More than 80 civilians died in the latest attack in an area of western Ethiopia that has seen recurring grisly violence in recent months, the national human rights commission said Wednesday.
The killings are likely to ramp up pressure on Prime Minister Abiy Ahmed, the 2019 Nobel Peace Prize winner, to intervene more forcefully in the region of Benishangul-Gumuz, which borders Sudan and South Sudan and is home to a massive hydropower project on the Blue Nile River.
“We’ve received information that over 80 civilians were killed on January 12 in an area called Daletti” in the Metekel zone of Benishangul-Gumuz, Aaron Maasho, an advisor and spokesman for the Ethiopian Human Rights Commission (EHRC), told AFP.
Hundreds of civilians in Metekel have been killed by assailants using guns, knives and other weapons in attacks going back to at least September.
Some 207 people were killed in one attack on December 23 alone.
Abiy has so far struggled to impose order in Metekel or explain what is driving the violence, despite visiting the area in December and empowering a command post to take charge of security there.
There is no known link between the violence and military operations in Ethiopia’s northernmost Tigray region, where Abiy sent in troops in November to detain and disarm leaders of the dissident regional ruling party.
Tuesday’s attack in Metekel occurred between 5 and 7 am, with victims ranging in age from two to 45, Aaron said.
The EHRC, a government-affiliated but independent body, is “still chasing further details about the perpetrators” and how the victims were killed, he said.
One survivor, Ahmed Yimam, told AFP Wednesday he had counted 82 bodies and said 22 people were injured.
“The attack was carried out mostly using knives although arrows and firearms were also used,” he said.
“I fear more attacks as the perpetrators aren’t receiving punishment, and there is no functioning government at local and regional level,” he said.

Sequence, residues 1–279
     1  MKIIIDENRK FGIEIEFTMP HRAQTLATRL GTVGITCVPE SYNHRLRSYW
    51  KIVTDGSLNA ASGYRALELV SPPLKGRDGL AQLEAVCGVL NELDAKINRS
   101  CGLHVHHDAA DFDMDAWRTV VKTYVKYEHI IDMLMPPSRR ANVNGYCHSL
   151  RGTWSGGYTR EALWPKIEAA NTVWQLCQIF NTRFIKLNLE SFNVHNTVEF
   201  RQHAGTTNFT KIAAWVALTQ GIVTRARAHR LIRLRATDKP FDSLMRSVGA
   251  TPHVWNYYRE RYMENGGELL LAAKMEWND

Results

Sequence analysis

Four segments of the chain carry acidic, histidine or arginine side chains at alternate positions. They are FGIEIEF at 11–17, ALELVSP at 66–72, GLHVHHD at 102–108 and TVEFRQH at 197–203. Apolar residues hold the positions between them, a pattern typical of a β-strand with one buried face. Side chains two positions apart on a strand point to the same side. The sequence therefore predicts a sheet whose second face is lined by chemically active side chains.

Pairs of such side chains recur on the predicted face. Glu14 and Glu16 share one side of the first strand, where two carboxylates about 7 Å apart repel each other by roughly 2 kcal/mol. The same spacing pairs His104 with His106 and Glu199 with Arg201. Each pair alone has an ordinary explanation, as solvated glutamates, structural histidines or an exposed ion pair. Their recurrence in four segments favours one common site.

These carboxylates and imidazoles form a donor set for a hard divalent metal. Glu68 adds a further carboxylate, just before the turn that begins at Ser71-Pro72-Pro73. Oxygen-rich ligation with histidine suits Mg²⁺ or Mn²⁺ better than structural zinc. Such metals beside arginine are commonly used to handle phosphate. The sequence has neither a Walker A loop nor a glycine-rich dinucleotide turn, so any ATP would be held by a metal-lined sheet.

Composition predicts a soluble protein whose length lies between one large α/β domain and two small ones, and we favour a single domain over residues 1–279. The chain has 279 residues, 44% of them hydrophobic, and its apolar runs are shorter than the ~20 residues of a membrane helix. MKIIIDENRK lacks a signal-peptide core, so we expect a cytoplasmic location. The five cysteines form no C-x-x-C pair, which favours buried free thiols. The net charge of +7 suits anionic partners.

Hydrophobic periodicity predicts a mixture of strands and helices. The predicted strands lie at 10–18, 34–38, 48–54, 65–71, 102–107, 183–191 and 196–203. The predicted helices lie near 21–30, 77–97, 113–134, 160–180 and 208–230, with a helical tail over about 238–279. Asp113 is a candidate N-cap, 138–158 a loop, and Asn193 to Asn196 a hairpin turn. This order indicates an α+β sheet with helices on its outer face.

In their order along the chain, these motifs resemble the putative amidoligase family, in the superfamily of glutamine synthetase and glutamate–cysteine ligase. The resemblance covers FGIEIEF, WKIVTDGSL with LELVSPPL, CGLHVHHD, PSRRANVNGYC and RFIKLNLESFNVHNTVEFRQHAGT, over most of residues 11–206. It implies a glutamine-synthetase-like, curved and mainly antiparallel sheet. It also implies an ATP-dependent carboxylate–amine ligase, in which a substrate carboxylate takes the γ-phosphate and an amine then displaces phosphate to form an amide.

Addressing lawmakers in October, Abiy said fighters active in Metekel were receiving training and shelter in neighbouring Sudan — though he provided no evidence — and that Khartoum’s assistance was needed to stabilise the area.
Ethiopian opposition politicians have described the violence in Metekel as ethnically motivated, alleging a targeted campaign by ethnic Gumuz militias against members of other ethnic groups in the area, including the Amhara, Ethiopia’s second-largest group.
Dessalegn Chanie, a senior member of the National Movement for Amhara, an opposition political party, told AFP Wednesday that he suspected at least some local officials were cooperating with the assailants.
“The problem is much more complicated because a lot of Gumuz cadres are supporting this militia. They provide logistics, they provide information,” he said.
He did not give evidence to back up his claim, though several officials in Benishangul-Gumuz were arrested in December over their alleged roles in violence that month.
Dessalegn said his sources in Benishangul-Gumuz, including hospital officials, had informed him that at least 131 people were killed in this week’s attack and that the figure was likely to rise.
On Monday, state-affiliated Fana Broadcasting Corporate reported that “relative peace has been restored in Metekel” because of the government’s response to the violence, but the EHRC’s Aaron said Wednesday that more needed to be done.
“These civilians have barely had a respite from such grim attacks for months. We once again call on federal and regional authorities to enhance their coordination when responding to such incidents to prevent the loss of life in Benishangul-Gumuz,” he said.
“We remind the authorities that the protection of civilians is the primary duty of the government.” AFP